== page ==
So here I am, back at "home" (a tiny speck of an island in the East China Sea). Funny that Japan is "home" to me now. And, ironically, only for about 4 months longer. After India, I was exhausted, dirty, beaten down. Osaka airport was a clean, disinfected pillow on which to rest my dreary head. The first chance to give my hands a thorough washing in two months.
I arrived in Delhi at 5 am from Jaipur, not having slept. Like I had done after many middle of the night train station arrivals, I sat down amidst the sleeping bodies and rats and waited for day to break so I would feel comfortable enough to venture out to the rickshaw drivers. I did have a bit of fun with the lookie-loos while I waited though. I must have been delirious from lack of sleep, but I started combating the stares with cross-eyes, tongue tricks, and other childish antics. After months of politely lowering my head and accepting the somewhat violating stares, I'd had enough. I should have done that weeks ago, because it worked, no one dared stare at me after that! They even moved a few feet farther away. Ah, peace.
After aimlessly walking around a freezing Delhi all day, just waiting to leave, I made it to the Delhi airport, which was a madhouse (what were you expecting? Order? Lines? HA!) Our 10:00pm departure time kept getting pushed back - first 2 hours, then 3, then 5, then 7. They kept moving us from gate to gate. But here's the kicker, the Air India people would only tell one or two of the passengers. There was no announcement, no flashing marquis. Only if we were paying attention would we know to move. So, TWICE I woke up wondering why I was the only one sitting at my gate. Then I'd run frantically through the airport looking for the group of Japanese tourists who were also presumably Osaka-bound.
After about 50 hours of sleepless travel, I finally made it home.
I want to thank all of you who actually read this blog throughout my trip. I can count on one hand those who were really concerned about my whereabouts. And that's okay. This blog was really for me a place to make light of the loneliness I felt. The hardships to joke about. To make it all seem like an adventure was just a "Bollywood Movie" that would hopefully be over by the time the popcorn ran out. The trip for me was always a challenge of sorts. The "your-husband-is-off-serving-his-country-what-are-you-doing-with-your-life?" challenge. And I made it home alive, and I have to say, a better woman for it.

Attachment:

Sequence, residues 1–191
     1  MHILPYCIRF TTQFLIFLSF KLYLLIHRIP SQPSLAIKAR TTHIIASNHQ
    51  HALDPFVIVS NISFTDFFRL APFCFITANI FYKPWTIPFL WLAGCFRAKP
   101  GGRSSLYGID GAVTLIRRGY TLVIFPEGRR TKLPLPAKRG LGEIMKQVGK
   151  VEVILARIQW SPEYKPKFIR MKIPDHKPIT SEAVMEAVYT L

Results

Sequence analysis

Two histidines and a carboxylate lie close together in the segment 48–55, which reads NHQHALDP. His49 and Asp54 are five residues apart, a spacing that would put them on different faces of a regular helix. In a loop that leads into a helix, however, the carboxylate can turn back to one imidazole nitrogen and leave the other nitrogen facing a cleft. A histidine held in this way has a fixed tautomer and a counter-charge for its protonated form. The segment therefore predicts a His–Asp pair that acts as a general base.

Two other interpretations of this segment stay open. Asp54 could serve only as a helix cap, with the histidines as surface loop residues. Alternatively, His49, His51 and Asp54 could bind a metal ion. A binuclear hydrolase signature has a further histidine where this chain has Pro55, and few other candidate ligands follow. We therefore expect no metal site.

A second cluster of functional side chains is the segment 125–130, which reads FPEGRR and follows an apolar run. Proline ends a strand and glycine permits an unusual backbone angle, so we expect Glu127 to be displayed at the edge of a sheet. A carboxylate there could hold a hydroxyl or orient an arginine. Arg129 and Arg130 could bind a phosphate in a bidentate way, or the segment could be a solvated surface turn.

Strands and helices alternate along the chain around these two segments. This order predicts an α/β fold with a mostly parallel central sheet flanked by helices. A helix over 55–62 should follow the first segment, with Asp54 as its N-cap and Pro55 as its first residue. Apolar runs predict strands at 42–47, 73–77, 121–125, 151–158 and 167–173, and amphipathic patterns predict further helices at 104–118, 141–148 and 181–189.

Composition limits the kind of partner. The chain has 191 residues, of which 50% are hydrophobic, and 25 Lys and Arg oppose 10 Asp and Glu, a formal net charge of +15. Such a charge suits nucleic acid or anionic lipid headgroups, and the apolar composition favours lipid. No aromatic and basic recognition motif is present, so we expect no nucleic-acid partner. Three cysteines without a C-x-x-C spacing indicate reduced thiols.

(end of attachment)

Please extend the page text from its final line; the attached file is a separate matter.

So what have I learned in the past 60 days?
- A rickshaw ride should never cost more than 50 rupees and negotiate the price up front. Don't be afraid to jump out and refuse to pay if they take you to somewhere you don't want to go.
- Never say it's your first time in India. Never walk through the market place with a bewildered look. March straight - let the oncoming foot traffic jump out of the way (or hoof traffic, as the case may be). The only way to fit in in India is fake it till you make it.
- I've become an unabashed pilferer of toilet paper. I've been finding it everywhere - in my pockets, in my purses. I will never again be caught without it.
- All the material possessions that I need in this world can fit into one backpack. Not sure if this is really true, but it worked for 2 months! Not once did I think "golly, I really wish I'd brought more crap along with me." As a matter of fact, I would have been happy to leave half of it by the roadside.
- From the hour I was leaving Delhi for the airport, I had this urge to run out on the street, and drink chai with whomever I could find. I miss the closeness of the people on the street. The Delhi Dance. The human interactions that have been bred out of our culture. Try as you might, you are never alone in India.
Ironically, the day I got home, I seemed to have contracted some food poisoning of sorts. Ha! I think I probably was on the way to being sick in India, but my body was like, "Oh hellz no you are NOT getting sick in this country." I'm more than happy to roll around in pain in the comfort of my own bed.
John gets home in mere weeks! Then we've got 4 months to take Okinawa by storm. Adventures to come.